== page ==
5 Points to Consider When Identifying Self-Harm
When I was 16, I remember being alone in my room, desperate for a way to release my frustration. It was a weekday afternoon, after school. I looked around the corner from my bedroom to make sure my parents weren’t around, then I started to hit my head on the wall.
One time in ballet class, we were at the barre doing plies. I had a rubber band on my wrist to snap harshly against my skin. I also dug my nails into my arm when my teacher wasn’t looking.
I knew these were acts of self-harm, and they were not conducive to my health, but that wasn’t going to stop me. I still feel this way from time to time. It will flare up for a little while, then disappear for several months. I knew exactly what I was doing to myself, but I did not fully understand why. I just really wanted to do it.
Eight years later, at age 24, I finally found my answer. Self-harm is my punishment to myself for feeling frustration and anger. Coming from someone who experiences very strong mood shifts with bipolar disorder, it can be discouraging when I take a few steps back in my progress after experiencing a “good streak” of mood. That is when I start to mistreat myself and my body.
Self-harm looks different for everyone, and can be triggered by a multitude of feelings or situations. I have listed and elaborated on some major points to consider when identifying self-harm, for both the harmer and the witnesser.
1. Self-harm is not selfish.
In the past I have heard others mention how they see self-harm and suicide as selfish acts. Their argument being that the victims do not realize how their decisions burden their family and friends, and they are only thinking of themselves when performing the action.
This is not true whatsoever. It actually can be the opposite. When someone takes part in self-harm, they are already in a place of shame. Their thought could be “I am probably such a burden to the people I love because of my health problems.”
Be mindful of what you choose to say about someone who is struggling with self-harm or suicidal thoughts. You do not know their full story.
2. Self-harm doesn’t always look physical.
We need to give more credit to the damage done from being hard on oneself. It is good to be motivated. It is great to challenge yourself. When the idea shifts into habitual thoughts of self-shaming, that is when we need to pay attention. This could include having difficulty accepting compliments, over-apologizing, feeling guilty if something is not perfect (in other words, feeling like you have failed when faced with constructive criticism), not giving yourself enough credit for an accomplishment and not seeing it as “enough,” etc.
A lot of these instances can stem from past trauma, and do not even seem like self-harm because we are so conditioned to think of putting ourselves down as normal. Emotional and behavioral self-harm are very present, and need nurturing as well.
3. Self-harm is not attention seeking. It is a cry for help.
Engaging in self-harm does not invalidate what you are feeling just because someone may think you want negative attention. Most people who harm themselves try to hide it out of shame, some of which I explained earlier. For me, cutting myself is something physical I can legitimize. My cuts or bruises are something I can look at and put a label on. Sometimes I hide them, and sometimes I do share with one person, like my mom or boyfriend, because I need someone to know and physically see how bad I am hurting.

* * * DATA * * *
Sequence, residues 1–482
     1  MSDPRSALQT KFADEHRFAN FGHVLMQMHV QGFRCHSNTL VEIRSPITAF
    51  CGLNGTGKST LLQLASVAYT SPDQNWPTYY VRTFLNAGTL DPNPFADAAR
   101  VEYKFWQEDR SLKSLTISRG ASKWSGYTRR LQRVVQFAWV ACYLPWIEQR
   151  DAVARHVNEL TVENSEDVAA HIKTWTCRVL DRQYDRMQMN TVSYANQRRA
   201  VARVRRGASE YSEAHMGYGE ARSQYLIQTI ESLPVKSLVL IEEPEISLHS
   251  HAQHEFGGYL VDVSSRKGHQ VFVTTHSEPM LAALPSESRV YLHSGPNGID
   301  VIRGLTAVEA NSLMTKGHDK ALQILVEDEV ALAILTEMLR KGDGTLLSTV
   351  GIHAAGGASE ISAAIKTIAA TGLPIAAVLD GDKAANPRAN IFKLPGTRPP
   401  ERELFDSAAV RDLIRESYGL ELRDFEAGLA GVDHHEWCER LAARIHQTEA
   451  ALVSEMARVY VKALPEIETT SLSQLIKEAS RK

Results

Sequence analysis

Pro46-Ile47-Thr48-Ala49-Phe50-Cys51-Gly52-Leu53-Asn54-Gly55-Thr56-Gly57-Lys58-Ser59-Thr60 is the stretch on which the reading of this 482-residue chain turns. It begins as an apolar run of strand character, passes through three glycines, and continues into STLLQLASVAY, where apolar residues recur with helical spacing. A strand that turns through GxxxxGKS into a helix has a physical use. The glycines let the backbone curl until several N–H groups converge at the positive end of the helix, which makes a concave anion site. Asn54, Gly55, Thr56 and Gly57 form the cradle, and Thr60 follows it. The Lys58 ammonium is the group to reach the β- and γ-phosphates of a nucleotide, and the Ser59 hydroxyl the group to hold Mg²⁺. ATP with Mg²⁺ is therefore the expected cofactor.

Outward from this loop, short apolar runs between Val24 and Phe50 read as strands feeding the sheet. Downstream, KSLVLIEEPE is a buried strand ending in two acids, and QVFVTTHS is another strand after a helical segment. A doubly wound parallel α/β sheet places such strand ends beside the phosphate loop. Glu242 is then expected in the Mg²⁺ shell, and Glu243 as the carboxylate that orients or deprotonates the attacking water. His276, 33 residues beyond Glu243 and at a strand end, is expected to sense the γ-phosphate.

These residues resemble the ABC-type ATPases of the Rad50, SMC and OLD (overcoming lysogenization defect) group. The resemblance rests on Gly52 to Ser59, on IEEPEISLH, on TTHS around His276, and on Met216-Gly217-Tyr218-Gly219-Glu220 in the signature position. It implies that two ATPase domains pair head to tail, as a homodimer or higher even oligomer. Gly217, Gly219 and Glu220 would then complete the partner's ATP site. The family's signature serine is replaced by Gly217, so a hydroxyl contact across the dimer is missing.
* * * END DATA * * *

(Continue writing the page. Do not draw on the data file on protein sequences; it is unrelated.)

4. Self-harm is not only a result of mania.
A person who performs self-harm is not “crazy.” We are not always in a state of irrationality when doing so. There have been times where I am completely self-aware in a moment and make the conscious decision to hurt myself, and other times where I need an instant release and will do anything to get it without thinking, even if it means harming my body.
Self-harm is another coping mechanism. Not the most positive one, granted. Self-medicating with alcohol and drugs can be just as (if not more) damaging than self-harm at times. All in all, self-harmers are just regular people who struggle to find positive ways to cope with our emotions.
5. What can I do when someone confides in me regarding self-harm?
It can be difficult to know what to say to someone you love who self-harms. Some people react by becoming emotional or upset, while others may try to hold their loved one accountable out of concern by saying “Oh no! You can’t do that.”
The best thing to do is to try to be more on the receiving end of the conversation. Listen. Hold their hand if they are welcoming to physical touch. Ask them questions so you can learn more about what they need from you.
“Would you feel comfortable telling me what triggered you?”
“I care so much about you and want you to feel safe.”
Let it be about them, not about your worry. The person struggling may not want to hear the word “therapy” right away. Sometimes, it is important to take it slow and take a step back before jumping right into action on a recovery plan. Take some time with your loved one as a person, before putting them into the position of a patient.
***Disclaimer—If notified or aware of someone involved in self-harm or suicidal thoughts, alert someone right away. This can lead to serious injury or even death.***
The more we can listen and communicate, the stronger our connections will be, and the more love we will spread. I want to learn how to love myself better, and I want that for all of us. We are not perfect, and we may take 10 steps back, but it is important to know and to say to each other “It’s OK.” All of your growth is not erased even if you slip up here or there. A slip up still contributes to your progress.
Photo by Julian Hochgesang on Unsplash